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Cavity optomechanics with variable polarizability mirrors


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Cavity optomechanics with frequency-independent high-reflectivity mirrors shows different operation regimes distinguished by the ratio of the mechanical frequency and the photon loss rate. Working in the resolved-sideband regime thus enables cooling or amplification of the mechanical motion while optomechanical systems in the bad-cavity limit can be used to efficiently measure the mechanical motion. The use of mirrors with frequency-dependent reflectivity can bring new, interesting effects, such as Doppler cooling of the mechanical motion or modification of the sideband ratio. Here, we develop a full quantum theory of cavity optomechanics where the mechanically compliant mirror has reflectivity that strongly depends on the frequency of the incident light and identify regimes where these new optomechanical effects can be observed. These results are relevant for mirrors formed by self-assembled two-dimensional atomic layers, where the reflectivity is sharply peaked around the internal resonance of the atoms, or for structured membranes with engineered spatial defects.

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Cavity optomechanics with variable polarizability mirrors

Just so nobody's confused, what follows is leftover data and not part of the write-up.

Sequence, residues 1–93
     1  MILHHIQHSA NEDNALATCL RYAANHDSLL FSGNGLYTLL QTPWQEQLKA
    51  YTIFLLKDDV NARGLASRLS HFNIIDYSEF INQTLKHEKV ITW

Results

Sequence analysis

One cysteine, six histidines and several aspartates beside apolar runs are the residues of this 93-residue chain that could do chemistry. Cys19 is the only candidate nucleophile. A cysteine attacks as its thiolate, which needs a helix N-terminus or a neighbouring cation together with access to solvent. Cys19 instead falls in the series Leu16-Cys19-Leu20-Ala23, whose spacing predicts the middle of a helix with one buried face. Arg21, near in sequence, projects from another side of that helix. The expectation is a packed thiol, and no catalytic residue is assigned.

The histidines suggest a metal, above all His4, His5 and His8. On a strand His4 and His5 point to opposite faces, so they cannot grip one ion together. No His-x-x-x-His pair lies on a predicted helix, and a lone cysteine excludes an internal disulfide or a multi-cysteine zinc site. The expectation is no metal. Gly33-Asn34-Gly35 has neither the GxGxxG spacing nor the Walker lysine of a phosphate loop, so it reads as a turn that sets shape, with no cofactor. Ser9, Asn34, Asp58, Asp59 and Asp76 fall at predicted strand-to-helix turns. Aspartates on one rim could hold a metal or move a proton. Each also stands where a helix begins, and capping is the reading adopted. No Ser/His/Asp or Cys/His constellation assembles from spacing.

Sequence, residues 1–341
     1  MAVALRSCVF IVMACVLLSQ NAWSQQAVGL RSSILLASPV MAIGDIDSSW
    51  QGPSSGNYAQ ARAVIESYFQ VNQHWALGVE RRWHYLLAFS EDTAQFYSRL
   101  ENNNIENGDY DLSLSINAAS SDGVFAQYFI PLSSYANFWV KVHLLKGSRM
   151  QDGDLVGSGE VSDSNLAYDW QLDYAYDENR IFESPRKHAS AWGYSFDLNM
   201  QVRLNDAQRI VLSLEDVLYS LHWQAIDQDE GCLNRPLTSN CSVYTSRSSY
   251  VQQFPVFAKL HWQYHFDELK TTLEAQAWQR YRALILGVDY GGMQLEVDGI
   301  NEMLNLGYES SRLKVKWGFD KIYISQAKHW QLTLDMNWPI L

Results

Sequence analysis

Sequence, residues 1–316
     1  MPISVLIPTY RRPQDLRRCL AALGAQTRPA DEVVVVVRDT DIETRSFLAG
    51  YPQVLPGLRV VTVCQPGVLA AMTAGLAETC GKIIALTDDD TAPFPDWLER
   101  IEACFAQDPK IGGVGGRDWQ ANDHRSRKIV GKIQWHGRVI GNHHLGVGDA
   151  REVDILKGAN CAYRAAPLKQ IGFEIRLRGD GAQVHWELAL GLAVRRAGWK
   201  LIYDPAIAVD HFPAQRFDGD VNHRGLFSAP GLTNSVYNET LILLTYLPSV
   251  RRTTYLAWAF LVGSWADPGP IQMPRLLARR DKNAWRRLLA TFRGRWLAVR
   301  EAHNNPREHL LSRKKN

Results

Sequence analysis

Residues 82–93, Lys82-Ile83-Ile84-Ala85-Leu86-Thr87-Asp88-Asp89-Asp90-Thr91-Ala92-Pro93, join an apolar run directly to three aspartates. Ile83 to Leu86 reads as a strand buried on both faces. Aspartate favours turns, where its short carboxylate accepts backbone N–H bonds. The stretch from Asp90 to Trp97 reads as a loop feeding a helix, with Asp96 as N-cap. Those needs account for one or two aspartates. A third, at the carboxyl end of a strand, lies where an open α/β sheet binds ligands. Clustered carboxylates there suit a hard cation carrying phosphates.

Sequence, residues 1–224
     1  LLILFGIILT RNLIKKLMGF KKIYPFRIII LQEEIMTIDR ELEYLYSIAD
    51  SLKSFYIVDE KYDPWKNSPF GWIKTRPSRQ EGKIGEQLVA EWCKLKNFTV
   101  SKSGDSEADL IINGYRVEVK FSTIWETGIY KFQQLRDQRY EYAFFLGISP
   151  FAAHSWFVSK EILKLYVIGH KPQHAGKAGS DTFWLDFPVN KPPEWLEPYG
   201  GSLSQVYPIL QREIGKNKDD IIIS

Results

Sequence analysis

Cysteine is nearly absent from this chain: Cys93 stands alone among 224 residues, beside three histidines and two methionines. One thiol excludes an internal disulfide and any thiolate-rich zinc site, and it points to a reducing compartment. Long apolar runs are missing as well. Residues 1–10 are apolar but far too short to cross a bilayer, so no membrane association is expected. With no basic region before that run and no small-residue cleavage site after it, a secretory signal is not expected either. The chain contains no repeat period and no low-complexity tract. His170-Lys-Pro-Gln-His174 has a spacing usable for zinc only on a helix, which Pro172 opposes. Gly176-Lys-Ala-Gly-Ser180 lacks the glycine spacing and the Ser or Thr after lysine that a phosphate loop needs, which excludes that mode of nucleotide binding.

1. 1. Cavity optomechanics with variable polarizability mirrors 1 Max Planck Institute for the Science of Light, Erlangen, Germany 2 Department of Physics and Astronomy, Aarhus University, Aarhus, Denmark Ondřej Černotík,1 Aurélien Dantan,2 and Claudiu Genes1 Variable reflectivity Motivation The sideband ratio is one of the most crucial parameters of optomechanical systems. Especially with microcavities, it is challenging to reach the resolved- sideband regime—characterized by the cavity linewidth being smaller than the mechanical frequency—owing to short roundtrip time for the cavity field. We show that the sideband resolution can be improved by using mirrors with internal resonances. The internal resonance (caused by, for example, an array of emitters inside the reflector) results in strongly frequency-dependent reflection which leads to a drastically improved cavity linewidth. [1] R. Bettles et al., Phys. Rev. Lett. 116, 103602 (2016); E. Shahmoon et al., Phys. Rev. Lett. 118, 113601 (2017). [2] S. Fan and J. Joannopoulos, Phys. Rev. B 65, 235112 (2002). [3] SEM image of a high-contrast grating (50 μm2 ) patterned on a 500 μm2 suspended SiN membrane from Aarhus University. [4] R. Lang et al., Phys. Rev. A 7, 1788 (1973). Future directions Description of cavities with lossy mirrors Dispersive and dissipative optomechanical effects Non-Markovian dynamics in optomechanical systems We consider a one-sided cavity and quantize the electromagnetic field using the modes of the universe [4]. We write the positive-frequency component of the electric field as with field modes . The mode functions satisfy the Helmholtz equation where is the dielectric function. We can now use the electric field to recover the total Hamiltonian, Modes of the universe Cavity and external fields We can separate the integration into three regions—inside the cavity, outside, and at the boundary between them. We can then identify the cavity and external fields and their coupling From the input–output relation, we can obtain the linewidth for the cavity modes, , which agrees with the spectral properties of the mode functions inside the cavity. Optomechanical interaction We can repeat the analysis for a cavity with a displaced input mirror. The mode functions will be modified but one can still find the cavity and external fields and their coupling. The dispersive and dissipative optomechanical effects are captured by the Heisenberg–Langevin equation for the cavity field, where is the optical frequency shift per displacement. We consider structured membranes [2] in which dispersion does not lead to loss. The coupling rates and are not independent since the coupling of the resonance to the modes of the universe on both sides is symmetric. The dynamics of the cavity field can be obtained by eliminating the external field and the guided resonance from the equations of motion. Internal resonances Internal resonances occur when a mirror is doped (or formed) by regularly spaced quantum emitters [1] or when it is structured by a periodic grating [2,3]. The reflectivity around such a resonance is strongly enhanced by interference. Using such reflectors in optical cavities can lead to narrow, non-Lorentzian lineshapes. How can such systems be described? What optomechancial properties do they have? Detuning Cavity transmission Normal cavity With internal resonance Mechanical sidebands Displacement Description of strongly dispersive membranes is more difficult. Dispersion and absorption are related via the Kramers–Kronig relations; loss must be accompanied by noise. These effects have to be included in any rigorous model. [2,3]. The reflectivity around such a resonance is strongly enhanced by interference. Using such reflectors in optical cavities can lead to narrow, non-Lorentzian lineshapes.